These Foods May Promote Colon Health

A new study from a California research team suggests that eating more legumes (dried beans, dried peas and lentils) at least three times a week can cut the risk of developing colon polyps (which can lead to cancer) by 33 percent. Brown rice reduces the risk, too, by 40 percent. Researchers at Loma Linda University also found that eating cooked green vegetables at least once a day, and dried fruit at least three times a week offers additional protection. The researchers analyzed data from more than 2,800 adults in the Adventist Health Study-1 performed in 1976-77, including information on participants who responded to a follow up study 26 years later. The first study asked participants how often they consumed specific foods. The investigators also considered other factors that could influence colon cancer risk, including family history of the disease, education, physical activity level, and constipation. They also checked alcohol intake, how often the participants ate sweets, used pain medication and took multivitamins. The study was published in the May 2011 issue of Nutrition and Cancer.

My take? These new findings provide welcome support for dietary strategies that aim to help prevent both colon polyps and colon cancer. In addition to eating the high fiber foods associated with lower risks of colon polyps seen in this study, we already know that avoiding red meat can reduce the risks of polyps and colon cancer. I also recommend limiting alcohol intake - research has suggested that the more alcohol you drink, the higher your risk of developing colon cancer. Another dietary tip: Make green tea your beverage of choice. Regular consumption of green tea is linked with lower incidence of many kinds of cancer.


Want to Have a Baby? See Your Dentist

For some women who are having trouble getting pregnant, the problem could be gum disease. A new study from Australia involving more than 3,500 pregnant women, found that those who had gum disease took about two months longer to conceive than the average among women who didn't have gum disease. The delay was even longer - more than a year - among non-Caucasian women, the researcher from the University of Western Australian reported at the European Society of Human Reproduction and Embryology meeting in July. Gum disease causes inflammation that can pass into the blood stream and has been linked to heart disease, type 2 diabetes, respiratory and kidney disease and pregnancy problems including miscarriage and premature birth, the study noted. The investigator reported that the effect of gum disease on fertility is equal to the negative influence of obesity. Bottom line: when considering pregnancy stop smoking, avoid alcohol, maintain a healthy weight, take folic acid supplements and see your dentist.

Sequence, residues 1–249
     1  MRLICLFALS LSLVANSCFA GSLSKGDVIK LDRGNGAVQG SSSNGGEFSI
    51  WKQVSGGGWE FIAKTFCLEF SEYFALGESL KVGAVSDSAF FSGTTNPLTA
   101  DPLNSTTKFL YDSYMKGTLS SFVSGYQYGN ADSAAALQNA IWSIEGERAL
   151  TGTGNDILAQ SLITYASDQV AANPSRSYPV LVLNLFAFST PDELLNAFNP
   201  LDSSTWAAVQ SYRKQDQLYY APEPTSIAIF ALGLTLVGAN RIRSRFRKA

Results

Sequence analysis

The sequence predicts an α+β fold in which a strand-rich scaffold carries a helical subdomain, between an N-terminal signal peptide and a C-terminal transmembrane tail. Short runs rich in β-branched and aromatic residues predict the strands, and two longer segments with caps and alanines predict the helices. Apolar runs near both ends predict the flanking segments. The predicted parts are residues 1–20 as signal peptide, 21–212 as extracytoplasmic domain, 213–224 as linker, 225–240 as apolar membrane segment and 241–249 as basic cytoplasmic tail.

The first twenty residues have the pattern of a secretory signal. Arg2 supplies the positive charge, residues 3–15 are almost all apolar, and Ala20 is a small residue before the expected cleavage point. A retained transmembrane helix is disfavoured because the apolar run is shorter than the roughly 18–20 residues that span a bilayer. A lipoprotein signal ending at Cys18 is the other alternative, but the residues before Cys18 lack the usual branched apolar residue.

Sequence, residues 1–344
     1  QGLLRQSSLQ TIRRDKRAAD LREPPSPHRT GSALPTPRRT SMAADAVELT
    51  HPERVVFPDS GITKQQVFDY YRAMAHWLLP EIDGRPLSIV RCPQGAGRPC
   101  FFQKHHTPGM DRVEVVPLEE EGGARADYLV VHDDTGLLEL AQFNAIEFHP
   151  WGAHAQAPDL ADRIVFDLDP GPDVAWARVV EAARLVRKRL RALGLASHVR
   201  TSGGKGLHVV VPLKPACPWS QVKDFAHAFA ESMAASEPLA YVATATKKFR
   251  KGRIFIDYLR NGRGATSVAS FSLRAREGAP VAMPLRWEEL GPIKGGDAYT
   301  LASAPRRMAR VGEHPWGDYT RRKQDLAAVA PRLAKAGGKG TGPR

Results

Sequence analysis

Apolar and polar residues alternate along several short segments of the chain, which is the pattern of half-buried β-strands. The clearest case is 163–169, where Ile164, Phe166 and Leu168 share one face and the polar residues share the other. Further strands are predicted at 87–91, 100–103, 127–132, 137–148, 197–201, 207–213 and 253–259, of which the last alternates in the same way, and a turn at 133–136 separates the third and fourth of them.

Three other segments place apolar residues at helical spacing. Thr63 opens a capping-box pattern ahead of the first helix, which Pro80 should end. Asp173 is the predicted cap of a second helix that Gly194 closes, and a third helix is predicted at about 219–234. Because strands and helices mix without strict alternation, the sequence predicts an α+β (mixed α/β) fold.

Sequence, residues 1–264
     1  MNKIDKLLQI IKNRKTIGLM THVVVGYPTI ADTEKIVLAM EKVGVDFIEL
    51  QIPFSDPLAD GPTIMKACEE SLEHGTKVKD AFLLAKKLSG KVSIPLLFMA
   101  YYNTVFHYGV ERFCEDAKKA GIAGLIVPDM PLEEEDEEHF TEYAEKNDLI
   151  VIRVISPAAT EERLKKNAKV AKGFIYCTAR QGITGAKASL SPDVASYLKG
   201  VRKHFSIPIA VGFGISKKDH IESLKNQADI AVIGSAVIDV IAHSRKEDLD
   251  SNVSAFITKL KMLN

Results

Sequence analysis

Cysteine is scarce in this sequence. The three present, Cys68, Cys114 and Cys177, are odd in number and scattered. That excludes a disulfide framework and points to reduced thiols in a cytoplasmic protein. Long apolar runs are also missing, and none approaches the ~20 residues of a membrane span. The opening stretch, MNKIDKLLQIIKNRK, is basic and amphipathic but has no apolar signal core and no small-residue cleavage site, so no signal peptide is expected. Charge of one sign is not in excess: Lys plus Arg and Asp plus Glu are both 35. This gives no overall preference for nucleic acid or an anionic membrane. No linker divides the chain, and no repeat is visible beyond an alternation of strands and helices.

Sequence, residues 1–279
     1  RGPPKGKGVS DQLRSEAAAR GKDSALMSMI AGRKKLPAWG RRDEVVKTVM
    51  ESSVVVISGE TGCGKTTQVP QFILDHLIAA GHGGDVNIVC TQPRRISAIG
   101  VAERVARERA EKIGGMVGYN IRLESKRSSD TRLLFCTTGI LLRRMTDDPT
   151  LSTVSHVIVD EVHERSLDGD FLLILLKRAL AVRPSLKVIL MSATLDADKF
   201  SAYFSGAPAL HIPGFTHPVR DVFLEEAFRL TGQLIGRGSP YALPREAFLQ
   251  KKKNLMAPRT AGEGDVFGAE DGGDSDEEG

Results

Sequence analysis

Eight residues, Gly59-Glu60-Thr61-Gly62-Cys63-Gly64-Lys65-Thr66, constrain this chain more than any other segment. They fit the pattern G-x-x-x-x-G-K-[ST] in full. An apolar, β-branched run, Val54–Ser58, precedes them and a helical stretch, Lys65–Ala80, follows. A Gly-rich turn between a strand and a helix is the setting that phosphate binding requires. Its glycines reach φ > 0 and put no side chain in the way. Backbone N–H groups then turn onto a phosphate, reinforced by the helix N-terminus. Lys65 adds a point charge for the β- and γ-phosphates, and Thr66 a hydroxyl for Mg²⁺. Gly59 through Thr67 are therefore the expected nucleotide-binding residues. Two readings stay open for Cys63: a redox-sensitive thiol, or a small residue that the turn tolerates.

How Do You Make Tea? (Poll)


Vegetarian Diet and Digestive Disease

New evidence from Britain suggests that vegetarians are one-third less likely to develop diverticular disease than are meat eaters. This disorder, affects the colon and has been associated with diets that are low in fiber. Symptoms include painful abdominal cramps, bloating, flatulence, constipation and diarrhea. A research team from the University of Oxford looked at more than 47,000 British adults participating in a European study of cancer and nutrition; more than 15,000 of them reported that they were vegetarians. After more than 11 years of follow up and adjusting for such factors as alcohol consumption, smoking and body mass index (BMI), the investigators found that the rate of diverticular disease among the vegetarians was one-third lower than that of other study participants. They also found that those whose consumption of dietary fiber was about 25 grams a day were at lower risk of being hospitalized or dying from diverticular disease than study participants who consumed less than 14 grams of fiber daily. Diverticular disease may also worsen into a condition known as diverticulitis. The findings were published online on July 19th on the British Medical Journal's website.